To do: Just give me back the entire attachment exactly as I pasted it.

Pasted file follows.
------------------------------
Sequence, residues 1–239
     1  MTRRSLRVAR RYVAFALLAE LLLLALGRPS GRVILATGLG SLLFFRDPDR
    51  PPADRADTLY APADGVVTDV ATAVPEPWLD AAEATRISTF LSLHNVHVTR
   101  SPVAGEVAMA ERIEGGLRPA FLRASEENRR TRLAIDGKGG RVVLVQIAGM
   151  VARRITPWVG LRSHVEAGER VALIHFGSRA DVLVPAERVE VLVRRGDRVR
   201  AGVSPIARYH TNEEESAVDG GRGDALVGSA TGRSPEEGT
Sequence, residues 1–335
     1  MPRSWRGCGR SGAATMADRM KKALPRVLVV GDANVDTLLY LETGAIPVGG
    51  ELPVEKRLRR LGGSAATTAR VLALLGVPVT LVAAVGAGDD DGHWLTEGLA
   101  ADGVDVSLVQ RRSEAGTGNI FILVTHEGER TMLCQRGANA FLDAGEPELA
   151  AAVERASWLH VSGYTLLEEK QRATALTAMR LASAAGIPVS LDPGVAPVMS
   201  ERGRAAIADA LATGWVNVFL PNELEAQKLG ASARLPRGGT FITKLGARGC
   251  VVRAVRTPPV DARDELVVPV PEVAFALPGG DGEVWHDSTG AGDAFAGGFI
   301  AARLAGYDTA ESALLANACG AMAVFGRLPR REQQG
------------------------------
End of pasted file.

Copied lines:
Sequence, residues 1–239
     1  MTRRSLRVAR RYVAFALLAE LLLLALGRPS GRVILATGLG SLLFFRDPDR
    51  PPADRADTLY APADGVVTDV ATAVPEPWLD AAEATRISTF LSLHNVHVTR
   101  SPVAGEVAMA ERIEGGLRPA FLRASEENRR TRLAIDGKGG RVVLVQIAGM
   151  VARRITPWVG LRSHVEAGER VALIHFGSRA DVLVPAERVE VLVRRGDRVR
   201  AGVSPIARYH TNEEESAVDG GRGDALVGSA TGRSPEEGT
Sequence, residues 1–335
     1  MPRSWRGCGR SGAATMADRM KKALPRVLVV GDANVDTLLY LETGAIPVGG
    51  ELPVEKRLRR LGGSAATTAR VLALLGVPVT LVAAVGAGDD DGHWLTEGLA
   101  ADGVDVSLVQ RRSEAGTGNI FILVTHEGER TMLCQRGANA FLDAGEPELA
   151  AAVERASWLH VSGYTLLEEK QRATALTAMR LASAAGIPVS LDPGVAPVMS
   201  ERGRAAIADA LATGWVNVFL PNELEAQKLG ASARLPRGGT FITKLGARGC
   251  VVRAVRTPPV DARDELVVPV PEVAFALPGG DGEVWHDSTG AGDAFAGGFI
   301  AARLAGYDTA ESALLANACG AMAVFGRLPR REQQG